The crews appearing in the glossy pages of J. Crew catalogs are far from motley. The retailer is known for its preppy fashions, including jeans, khakis, and other basic (but pricey) items sold to young professionals through its catalogs, websites, and some 465 retail and factory stores in the US, Canada, and now London under the J. Crew, crewcuts (for kids), and Madewell banners. Madewell is a women's-only collection of hip, casual clothes. CEO Millard "Mickey" Drexler, recruited from The Gap to revive J. Crew's ailing fortunes, has led a renaissance at the firm, capped by a public offering in 2006. J. Crew was taken private in 2011 by TPG Capital and Leonard Green & Partners.
Change in Company Type
TPG Capital and Leonard Green & Partners (LGP) bought J. Crew in March 2011 in a deal valued at about $3.1 billion, including the assumption of $1.6 billion in debt. They retained Drexler, who owns nearly 10% of the business. (TPG and LGP own the rest.) The buyout sparked numerous shareholder lawsuits, which were settled in September 2011 when investors, upset about the deal's mechanics, agreed to a $16 million settlement. Some investors accused Drexler of using the deal to enrich and entrench himself at their expense. Amid strong sales growth, the company is exploring going public again in 2014.
New York-based J. Crew has stores in 44 states and the District of Columbia. The US market accounts for essentially all of the retailer's sales. Beyond the US, it operates a dozen stores in three Canadian provinces: Alberta, British Columbia, and Ontario, and three in London. J. Crew launched its e-commerce site to over 100 countries in 2012 and is looking overseas for brick-and-mortar locations.
Sales and Marketing
The retailer relies on the J. Crew catalog as the primary vehicle for marketing and advertising. The catalog, which drives in-store as well as direct sales, utilizes high-quality photography and art direction, to burnish the J. Crew brand. Beyond the book, the company relies on online, print, and outdoor advertising. Catalog costs totaled about $51.6 million in fiscal 2014 (ended January), up from $44.5 million the prior year. The retailer also offers a private-label credit card that accounts for about 16% of its total net sales. The chain's customers are affluent, college-educated, professional and style-conscious women and men.
Shrugging off the Great Recession, J. Crew has enjoyed a decade of steady and, more recently, robust sales growth. Indeed, in fiscal 2014 (ended January) sales increased 9% to $2.4 billion, driven primarily by an increase in sales of men's apparel, specifically shirts, pants, and suiting, and women's clothing, specifically sweaters, knits, and shirts. Same-store sale rose 3%, after rising 13% in the previous annual comparison. The strong sales performance in fiscal 2014 came on the heels of a 20% jump in sales in fiscal 2013 versus 2012. While sales have risen steadily, profits have not. Indeed, net income fell 8% in fiscal 2014 versus the prior year, its third-consecutive year on a downward trend. Costs of good sold, including buying and occupancy costs, and other expenses, including interest and income taxes, were blamed for the profit decline in fiscal 2014. Cash flow from operations has, for the most part, kept pace with increasing sales.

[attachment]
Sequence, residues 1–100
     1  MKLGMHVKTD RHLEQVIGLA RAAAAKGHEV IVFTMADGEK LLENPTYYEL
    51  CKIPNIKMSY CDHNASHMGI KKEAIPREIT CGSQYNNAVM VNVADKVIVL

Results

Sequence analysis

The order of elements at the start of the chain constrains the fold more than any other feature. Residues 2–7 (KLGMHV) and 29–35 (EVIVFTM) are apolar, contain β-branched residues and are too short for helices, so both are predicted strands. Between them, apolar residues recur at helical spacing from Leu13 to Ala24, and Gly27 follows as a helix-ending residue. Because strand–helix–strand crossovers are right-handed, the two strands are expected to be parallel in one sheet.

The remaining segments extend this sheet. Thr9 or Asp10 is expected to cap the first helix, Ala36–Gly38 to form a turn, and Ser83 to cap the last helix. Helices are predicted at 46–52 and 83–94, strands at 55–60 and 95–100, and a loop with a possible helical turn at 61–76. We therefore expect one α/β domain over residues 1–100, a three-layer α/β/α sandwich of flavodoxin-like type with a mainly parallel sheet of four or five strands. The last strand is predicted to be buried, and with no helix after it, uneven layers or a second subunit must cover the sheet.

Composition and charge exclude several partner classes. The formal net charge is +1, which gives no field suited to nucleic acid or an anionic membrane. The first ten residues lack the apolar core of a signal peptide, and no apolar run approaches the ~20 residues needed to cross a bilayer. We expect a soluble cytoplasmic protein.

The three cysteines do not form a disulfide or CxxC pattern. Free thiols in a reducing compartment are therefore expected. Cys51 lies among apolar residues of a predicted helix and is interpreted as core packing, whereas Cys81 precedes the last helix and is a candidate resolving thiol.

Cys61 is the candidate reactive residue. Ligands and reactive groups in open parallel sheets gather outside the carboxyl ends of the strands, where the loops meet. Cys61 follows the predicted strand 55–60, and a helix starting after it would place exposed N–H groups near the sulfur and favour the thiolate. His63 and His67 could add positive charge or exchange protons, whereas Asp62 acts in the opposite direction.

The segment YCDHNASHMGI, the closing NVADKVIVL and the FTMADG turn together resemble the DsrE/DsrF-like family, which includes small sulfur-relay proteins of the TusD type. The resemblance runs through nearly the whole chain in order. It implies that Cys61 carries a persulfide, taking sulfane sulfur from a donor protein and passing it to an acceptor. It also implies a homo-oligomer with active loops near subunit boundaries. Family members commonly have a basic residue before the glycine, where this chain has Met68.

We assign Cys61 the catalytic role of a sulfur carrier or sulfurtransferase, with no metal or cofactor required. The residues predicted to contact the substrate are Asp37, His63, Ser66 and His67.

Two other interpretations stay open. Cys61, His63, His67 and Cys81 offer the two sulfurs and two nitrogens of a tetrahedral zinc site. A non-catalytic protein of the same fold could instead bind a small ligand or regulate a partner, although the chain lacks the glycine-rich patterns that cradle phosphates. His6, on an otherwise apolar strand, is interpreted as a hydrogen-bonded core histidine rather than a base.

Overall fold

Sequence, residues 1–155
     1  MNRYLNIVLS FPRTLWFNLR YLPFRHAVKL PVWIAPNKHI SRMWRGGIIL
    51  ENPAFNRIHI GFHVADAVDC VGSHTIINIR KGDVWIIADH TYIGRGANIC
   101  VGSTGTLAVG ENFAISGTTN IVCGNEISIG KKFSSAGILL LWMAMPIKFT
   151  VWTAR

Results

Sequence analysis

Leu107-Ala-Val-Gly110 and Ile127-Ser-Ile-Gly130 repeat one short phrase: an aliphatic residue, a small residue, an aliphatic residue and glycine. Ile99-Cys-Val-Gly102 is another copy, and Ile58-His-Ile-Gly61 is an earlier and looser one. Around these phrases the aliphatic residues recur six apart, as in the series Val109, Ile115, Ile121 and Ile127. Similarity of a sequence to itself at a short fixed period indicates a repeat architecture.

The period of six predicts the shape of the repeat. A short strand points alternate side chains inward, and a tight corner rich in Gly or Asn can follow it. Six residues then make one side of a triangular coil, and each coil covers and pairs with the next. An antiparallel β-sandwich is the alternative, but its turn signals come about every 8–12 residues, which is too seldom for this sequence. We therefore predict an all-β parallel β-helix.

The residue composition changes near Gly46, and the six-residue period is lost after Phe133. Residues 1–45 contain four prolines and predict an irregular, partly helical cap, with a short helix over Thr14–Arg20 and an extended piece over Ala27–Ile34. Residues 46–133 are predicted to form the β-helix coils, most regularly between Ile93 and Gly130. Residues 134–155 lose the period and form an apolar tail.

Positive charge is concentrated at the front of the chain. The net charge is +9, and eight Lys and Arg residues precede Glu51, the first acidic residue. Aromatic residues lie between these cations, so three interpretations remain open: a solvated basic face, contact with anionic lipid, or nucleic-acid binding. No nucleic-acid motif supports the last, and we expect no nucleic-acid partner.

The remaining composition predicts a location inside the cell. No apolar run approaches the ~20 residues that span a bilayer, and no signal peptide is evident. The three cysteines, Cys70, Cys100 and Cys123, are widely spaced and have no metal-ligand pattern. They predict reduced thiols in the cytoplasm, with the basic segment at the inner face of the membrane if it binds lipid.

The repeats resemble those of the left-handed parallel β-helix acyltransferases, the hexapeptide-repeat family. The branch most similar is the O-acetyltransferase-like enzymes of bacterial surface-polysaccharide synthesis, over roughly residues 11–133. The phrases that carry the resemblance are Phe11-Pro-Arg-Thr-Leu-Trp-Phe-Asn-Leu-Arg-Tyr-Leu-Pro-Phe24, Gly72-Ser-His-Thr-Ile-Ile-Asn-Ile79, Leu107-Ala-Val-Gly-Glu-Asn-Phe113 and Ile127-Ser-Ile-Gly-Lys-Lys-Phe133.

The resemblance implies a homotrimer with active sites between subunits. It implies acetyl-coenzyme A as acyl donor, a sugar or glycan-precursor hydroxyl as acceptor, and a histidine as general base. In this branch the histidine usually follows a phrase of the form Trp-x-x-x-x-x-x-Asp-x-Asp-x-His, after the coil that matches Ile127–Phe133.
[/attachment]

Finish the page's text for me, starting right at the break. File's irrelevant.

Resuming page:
To continue to grow sales, J. Crew is focusing on expanding its direct and retail store businesses internationally. The chain opened its first J. Crew stores in London in fall 2013 and is looking to expand to other countries in Europe and Asia. It entered the Canadian market in 2011. It's also adding stores at home, adding 50 locations in fiscal 2014. For the price-sensitive shopper, J. Crew is growing its factory store operation. J. Crew Factory stores are located primarily in large outlet malls and sell a specific line of merchandise tailored after products sold in the previous season at J. Crew retail stores and online.
The company credits its on-target fashion sense and lean inventories for its strong performance. (Of course, having the First Lady Michelle Obama sport its fashions probably didn't hurt either.) Sales are also getting a lift from the expansion of the Madewell and crewcuts formats (both launched in 2006). Fast-growing Madewell offers women's apparel, including a new line of suits, that is priced 20% to 30% lower than J. Crew merchandise at more than 65 stores.